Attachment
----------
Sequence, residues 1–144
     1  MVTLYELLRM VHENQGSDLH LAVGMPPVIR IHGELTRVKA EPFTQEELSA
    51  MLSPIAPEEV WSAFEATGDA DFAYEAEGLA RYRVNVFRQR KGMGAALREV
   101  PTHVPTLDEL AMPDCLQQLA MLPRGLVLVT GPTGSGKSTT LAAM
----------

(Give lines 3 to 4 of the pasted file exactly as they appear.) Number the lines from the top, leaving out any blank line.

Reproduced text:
    51  MLSPIAPEEV WSAFEATGDA DFAYEAEGLA RYRVNVFRQR KGMGAALREV
   101  PTHVPTLDEL AMPDCLQQLA MLPRGLVLVT GPTGSGKSTT LAAM